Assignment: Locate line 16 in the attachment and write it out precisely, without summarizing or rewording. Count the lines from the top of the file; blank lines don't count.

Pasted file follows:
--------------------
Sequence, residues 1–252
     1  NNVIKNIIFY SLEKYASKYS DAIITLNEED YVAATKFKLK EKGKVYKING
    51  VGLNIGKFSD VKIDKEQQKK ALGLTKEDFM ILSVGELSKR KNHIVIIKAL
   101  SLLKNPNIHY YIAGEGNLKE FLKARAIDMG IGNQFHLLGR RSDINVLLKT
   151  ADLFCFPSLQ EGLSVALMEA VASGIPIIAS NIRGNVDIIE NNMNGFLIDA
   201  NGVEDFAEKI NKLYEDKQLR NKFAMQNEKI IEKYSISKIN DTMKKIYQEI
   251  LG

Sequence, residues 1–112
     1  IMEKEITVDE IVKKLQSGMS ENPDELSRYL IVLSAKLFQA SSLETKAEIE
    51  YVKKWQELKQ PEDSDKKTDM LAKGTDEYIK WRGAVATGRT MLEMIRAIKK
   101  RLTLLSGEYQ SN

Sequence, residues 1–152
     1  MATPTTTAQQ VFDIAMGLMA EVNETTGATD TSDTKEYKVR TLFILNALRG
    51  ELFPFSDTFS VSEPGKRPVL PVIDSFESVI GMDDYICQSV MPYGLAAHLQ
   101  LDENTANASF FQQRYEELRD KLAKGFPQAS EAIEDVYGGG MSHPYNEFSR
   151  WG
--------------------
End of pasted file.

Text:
   151  WG